ISIS says it's behind shooting along Champs-Elysees in Paris

The Islamic State claimed responsibility for a terror attack Thursday night on Paris' famed Champs-Elysees, where one police officer was killed and two others were wounded by an assailant killed in the exchange of gunfire.

The assault in the popular tourist area came just  three days before a critical presidential election in which security has loomed as a major issue.

The Islamic State identified the attacker as Abu Yusuf al-Beljiki through its Amaq news agency, according to SITE Intel Group, a U.S.-based organization that monitors terrorists' activity online.

Paris police spokeswoman Johanna Primevert told the Associated Press that the gunman deliberately targeted police on guard near the Franklin Roosevelt subway station, and appeared to act alone.


Interior Ministry spokesman Pierre-Henry Brandet told BFM television that a man stepped from a car and opened fire on a police vehicle. A witness told Reuters that the attacker opened fire with a machine gun.

Anne Hidalgo, mayor of Paris, said via Twitter that she salutes "the dedication, bravery and professionalism of the police and rescue forces," and thanked shopkeepers who sheltered many passersby when the shooting erupted.

"In the face of this ordeal," Hidalgo tweeted, "the determination of the Parisians to defend their way of life and their values is total."

Security has been high in France since Tuesday, when police apprehended two men suspected of plotting an imminent terror attack. A French station hosting a televised event with the 11 presidential candidates briefly interrupted its broadcast to report Thursday's shooting.

A police officer stands guard after a fatal shooting in which a police officer was killed along with an attacker on the Champs Elysees in Paris, France, on April 20, 2017. French media are reporting that two police officers were shot on the famed shopping boulevard.  Thibault Camus, AP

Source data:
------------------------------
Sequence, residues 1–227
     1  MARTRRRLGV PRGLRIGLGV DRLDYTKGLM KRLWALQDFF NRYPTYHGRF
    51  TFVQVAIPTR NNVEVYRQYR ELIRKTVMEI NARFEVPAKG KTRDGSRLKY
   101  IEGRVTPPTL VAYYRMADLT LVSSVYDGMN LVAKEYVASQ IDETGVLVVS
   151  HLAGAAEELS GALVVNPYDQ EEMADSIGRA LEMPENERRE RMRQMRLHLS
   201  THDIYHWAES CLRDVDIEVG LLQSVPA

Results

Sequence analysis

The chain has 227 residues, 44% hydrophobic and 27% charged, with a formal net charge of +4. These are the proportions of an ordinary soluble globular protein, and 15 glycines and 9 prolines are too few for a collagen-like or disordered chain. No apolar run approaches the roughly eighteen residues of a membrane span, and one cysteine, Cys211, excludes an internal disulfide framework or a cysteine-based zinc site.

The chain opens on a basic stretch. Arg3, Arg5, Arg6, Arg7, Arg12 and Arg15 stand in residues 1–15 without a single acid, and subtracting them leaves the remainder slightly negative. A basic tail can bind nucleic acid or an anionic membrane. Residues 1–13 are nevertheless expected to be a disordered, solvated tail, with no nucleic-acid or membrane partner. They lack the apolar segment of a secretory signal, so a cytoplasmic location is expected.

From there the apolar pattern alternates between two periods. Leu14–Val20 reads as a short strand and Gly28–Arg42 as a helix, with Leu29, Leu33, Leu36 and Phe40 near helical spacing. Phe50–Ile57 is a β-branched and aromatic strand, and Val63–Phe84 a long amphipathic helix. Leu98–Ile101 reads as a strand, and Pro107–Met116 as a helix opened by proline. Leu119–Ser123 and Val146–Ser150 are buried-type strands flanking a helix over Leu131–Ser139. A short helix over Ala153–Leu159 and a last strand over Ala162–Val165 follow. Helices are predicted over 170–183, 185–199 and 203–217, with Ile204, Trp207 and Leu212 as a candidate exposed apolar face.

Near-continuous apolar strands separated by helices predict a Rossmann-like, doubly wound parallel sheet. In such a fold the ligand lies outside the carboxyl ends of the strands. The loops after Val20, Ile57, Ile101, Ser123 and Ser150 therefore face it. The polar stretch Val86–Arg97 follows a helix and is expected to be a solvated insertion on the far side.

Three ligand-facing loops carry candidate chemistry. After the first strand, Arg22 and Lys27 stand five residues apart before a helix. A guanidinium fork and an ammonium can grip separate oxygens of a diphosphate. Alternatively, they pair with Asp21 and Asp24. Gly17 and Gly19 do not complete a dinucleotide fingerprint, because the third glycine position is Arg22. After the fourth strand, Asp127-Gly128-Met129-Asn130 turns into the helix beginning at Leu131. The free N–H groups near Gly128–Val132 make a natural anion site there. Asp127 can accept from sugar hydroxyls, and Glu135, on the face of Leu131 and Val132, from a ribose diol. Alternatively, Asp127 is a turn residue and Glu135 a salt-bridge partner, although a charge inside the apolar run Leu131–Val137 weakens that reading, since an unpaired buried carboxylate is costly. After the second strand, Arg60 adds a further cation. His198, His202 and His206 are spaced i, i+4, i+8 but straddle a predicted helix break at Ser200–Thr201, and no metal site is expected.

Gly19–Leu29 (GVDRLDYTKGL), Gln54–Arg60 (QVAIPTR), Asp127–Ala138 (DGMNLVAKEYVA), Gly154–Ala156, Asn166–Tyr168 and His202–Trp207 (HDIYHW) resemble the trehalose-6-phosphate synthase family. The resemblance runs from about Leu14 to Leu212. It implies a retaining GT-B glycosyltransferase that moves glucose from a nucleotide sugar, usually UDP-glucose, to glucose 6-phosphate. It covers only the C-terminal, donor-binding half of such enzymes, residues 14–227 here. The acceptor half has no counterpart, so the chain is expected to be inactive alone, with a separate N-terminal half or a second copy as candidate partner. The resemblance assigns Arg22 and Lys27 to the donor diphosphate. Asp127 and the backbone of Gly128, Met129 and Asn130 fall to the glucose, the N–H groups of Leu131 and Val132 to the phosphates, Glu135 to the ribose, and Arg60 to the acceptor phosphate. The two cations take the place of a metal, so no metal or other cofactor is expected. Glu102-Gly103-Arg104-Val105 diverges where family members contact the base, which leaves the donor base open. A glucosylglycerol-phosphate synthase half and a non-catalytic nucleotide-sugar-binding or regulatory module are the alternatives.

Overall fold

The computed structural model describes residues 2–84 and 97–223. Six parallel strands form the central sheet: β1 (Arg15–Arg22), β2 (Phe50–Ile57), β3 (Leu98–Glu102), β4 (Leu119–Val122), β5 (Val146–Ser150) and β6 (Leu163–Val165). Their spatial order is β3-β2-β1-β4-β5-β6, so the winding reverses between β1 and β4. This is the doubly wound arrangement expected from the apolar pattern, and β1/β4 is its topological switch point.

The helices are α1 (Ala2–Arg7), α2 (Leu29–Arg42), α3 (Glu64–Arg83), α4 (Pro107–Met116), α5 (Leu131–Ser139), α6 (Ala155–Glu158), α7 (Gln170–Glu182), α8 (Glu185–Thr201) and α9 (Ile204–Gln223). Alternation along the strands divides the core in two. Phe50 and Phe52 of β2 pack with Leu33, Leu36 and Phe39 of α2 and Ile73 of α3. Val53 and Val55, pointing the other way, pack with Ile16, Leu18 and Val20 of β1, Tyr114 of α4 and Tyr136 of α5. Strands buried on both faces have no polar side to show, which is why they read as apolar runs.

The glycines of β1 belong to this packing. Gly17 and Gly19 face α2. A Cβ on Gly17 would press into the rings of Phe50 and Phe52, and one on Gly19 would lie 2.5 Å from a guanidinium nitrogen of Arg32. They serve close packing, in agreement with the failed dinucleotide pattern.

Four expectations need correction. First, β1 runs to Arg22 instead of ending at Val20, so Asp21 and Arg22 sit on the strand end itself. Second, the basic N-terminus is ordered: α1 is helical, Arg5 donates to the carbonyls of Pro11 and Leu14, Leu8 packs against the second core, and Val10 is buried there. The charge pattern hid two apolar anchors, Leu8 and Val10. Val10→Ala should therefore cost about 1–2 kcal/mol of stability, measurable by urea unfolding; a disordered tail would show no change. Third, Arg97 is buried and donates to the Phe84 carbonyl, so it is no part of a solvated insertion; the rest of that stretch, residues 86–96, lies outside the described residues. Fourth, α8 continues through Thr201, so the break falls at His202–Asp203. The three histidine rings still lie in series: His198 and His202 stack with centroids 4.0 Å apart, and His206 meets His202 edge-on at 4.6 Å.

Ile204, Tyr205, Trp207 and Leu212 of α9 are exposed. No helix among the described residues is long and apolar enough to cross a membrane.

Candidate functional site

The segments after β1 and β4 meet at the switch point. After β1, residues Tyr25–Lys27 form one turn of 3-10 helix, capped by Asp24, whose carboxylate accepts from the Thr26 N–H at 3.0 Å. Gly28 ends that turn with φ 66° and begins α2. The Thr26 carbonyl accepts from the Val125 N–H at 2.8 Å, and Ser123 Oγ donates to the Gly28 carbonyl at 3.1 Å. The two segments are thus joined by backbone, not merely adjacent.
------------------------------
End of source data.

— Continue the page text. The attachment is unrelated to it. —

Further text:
The first round of a hotly contested presidential election takes place Sunday, with an independent and candidates on the far-right and far-left threatening to upend mainstream parties that have ruled France for decades. A string of terror attacks over the past 18 months has become a major issue in the campaign, along with concerns about France's high unemployment and rising immigration.

President Francois Hollande is not running for another term because his approval rating is so low.

As the terror attack unfolded, police blocked off key roadways in the heart of the French capital and told people to avoid the area. The broad avenues leading to the Arc de Triomphe were filled with police vehicles flashing blue lights.

French prosecutors opened a terrorism investigation into the attack. Two police officers told AP the attacker had been flagged as an extremist, but offered no further details. The officers spoke to AP on the condition of anonymity to share information about the ongoing investigation.

In Washington, President Trump said the shooting in Paris “looks like another terrorist attack."

"It just never ends, We have to to be strong and we have to be vigilant, and I've been saying it for a long time," Trump said.

France has lived under a state of emergency that was declared following multiple terrorist attacks in November 2015 that left 130 dead.

© 2017 USATODAY.COM


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